The Admiral finishes by discussing the four planned intercontinental air routes: the Woodrow Wilson, the Langley, the Wright Brothers, and the Bell & Chanute. The last of these routes extends from Boston to Seattle. The Woodrow Wilson route goes from New York to San Francisco. Both the Langley and the Wright Brothers routes start in Washington, with the Langley route ending in Los Angeles and the Wright Brothers taking a more southern route to San Diego.

The tenth article is entitled “Germany’s Air Power”. It is only one page in length with no photos or byline.

As with the Allies, Germany is making every effort to gain complete mastery of the air. In an article in Der Motorwagen, a Berlin Journal, Lieutenant Bothe, of Berlin, stated that the Germans had left their adversaries far behind in both number and quality of the aircraft being produced.

He goes on to discuss the next war, one where massive air power will decide the conflict before the first battle is fought on the ground. He envisions massive bombing raids destroying, or severely hampering, an enemy’s ability to fight.

At the bottom of the last page is a notice to members that the Index for Volume XXXII (July to December 1917) is available and will be mailed to members upon request.

And now the promised discussion regarding the unique spine on this issue. But first, a little background:

From December 1913 through December 1959 the National Geographic Magazine used a standard Spine layout. This layout consisted of the issue date (month name, full year), the magazine name (THE NATIONAL GEOGRAPIC MAGAZINE), and the issue number (Vol. Roman numerals, No. number 1 through 6). Before December 1913, the spine was blank. From January 1960 to the current issue the magazine used, and is still using a different layout comprising of the magazine name (NATIONAL GEOGRAPHIC), the issue date (month name, full year), and an abbreviated table of contents.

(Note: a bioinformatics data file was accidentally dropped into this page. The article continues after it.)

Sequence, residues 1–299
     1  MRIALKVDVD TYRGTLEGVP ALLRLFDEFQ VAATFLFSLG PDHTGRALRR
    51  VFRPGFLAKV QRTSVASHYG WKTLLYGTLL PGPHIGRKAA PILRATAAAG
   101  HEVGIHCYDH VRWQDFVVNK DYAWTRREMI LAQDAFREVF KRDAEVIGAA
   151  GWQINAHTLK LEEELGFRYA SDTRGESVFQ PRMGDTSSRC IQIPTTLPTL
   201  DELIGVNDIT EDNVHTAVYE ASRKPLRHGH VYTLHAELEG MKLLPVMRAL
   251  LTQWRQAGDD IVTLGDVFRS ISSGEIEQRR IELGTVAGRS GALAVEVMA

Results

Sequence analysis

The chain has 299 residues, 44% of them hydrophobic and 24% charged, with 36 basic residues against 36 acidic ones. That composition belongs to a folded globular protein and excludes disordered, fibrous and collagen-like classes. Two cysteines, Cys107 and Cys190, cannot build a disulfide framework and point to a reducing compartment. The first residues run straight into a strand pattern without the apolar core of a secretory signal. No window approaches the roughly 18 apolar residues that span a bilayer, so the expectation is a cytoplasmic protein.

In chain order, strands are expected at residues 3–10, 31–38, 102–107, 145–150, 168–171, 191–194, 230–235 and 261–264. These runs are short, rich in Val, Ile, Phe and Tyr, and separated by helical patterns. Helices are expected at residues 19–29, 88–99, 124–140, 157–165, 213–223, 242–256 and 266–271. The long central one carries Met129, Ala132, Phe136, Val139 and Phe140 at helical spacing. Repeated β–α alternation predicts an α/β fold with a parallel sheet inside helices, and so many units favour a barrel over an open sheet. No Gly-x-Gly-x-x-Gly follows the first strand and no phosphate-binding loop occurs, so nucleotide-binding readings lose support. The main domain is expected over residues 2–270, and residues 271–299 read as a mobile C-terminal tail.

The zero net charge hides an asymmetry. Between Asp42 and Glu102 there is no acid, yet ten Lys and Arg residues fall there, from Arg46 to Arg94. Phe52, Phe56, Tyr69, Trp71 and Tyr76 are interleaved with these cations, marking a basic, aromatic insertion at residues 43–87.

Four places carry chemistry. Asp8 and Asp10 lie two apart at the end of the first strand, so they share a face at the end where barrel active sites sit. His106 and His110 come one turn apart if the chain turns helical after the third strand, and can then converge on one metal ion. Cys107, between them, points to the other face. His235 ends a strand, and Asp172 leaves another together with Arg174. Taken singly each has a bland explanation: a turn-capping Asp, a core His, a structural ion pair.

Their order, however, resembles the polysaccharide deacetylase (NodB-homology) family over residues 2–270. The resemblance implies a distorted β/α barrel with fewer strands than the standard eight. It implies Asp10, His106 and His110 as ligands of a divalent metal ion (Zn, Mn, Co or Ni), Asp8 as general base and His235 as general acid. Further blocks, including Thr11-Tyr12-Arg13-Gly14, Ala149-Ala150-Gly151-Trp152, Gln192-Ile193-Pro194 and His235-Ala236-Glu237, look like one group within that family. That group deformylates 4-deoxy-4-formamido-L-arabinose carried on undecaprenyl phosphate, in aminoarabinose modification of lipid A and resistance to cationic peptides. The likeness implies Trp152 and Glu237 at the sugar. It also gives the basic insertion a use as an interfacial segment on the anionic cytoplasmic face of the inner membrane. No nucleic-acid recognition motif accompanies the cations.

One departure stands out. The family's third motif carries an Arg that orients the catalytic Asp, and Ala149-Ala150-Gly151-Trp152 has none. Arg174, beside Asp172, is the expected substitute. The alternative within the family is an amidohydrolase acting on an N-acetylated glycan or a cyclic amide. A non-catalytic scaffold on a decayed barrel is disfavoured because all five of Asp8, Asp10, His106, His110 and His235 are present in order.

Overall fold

I mentioned before that this is the Aviation Number. That fact is not mentioned on the cover. Instead, this bit of information is documented on the spine, enclosed in brackets, immediately after the magazine name.

With ten articles, the table of contents filled all available space on the cover leaving no room for this title to be displayed like the October 1917 “Flag Number”. For some reason, the Society decided not to display it across the top of the cover like the Nov-Dec 1917 “Mid-Winter Double Number”. Instead, they opted to print this on the spine making this issue unique as the only issue with content information on the spine prior to 1960.

Tom Wilson

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As always, well done Tom!

Merry Christmas to you and Linda!


Thanks for the information about the spine,



Very well done and informative.

Hope you and your family have a very Merry Christmas!


I never noticed the spine anomaly on this one ! Thanks Tom .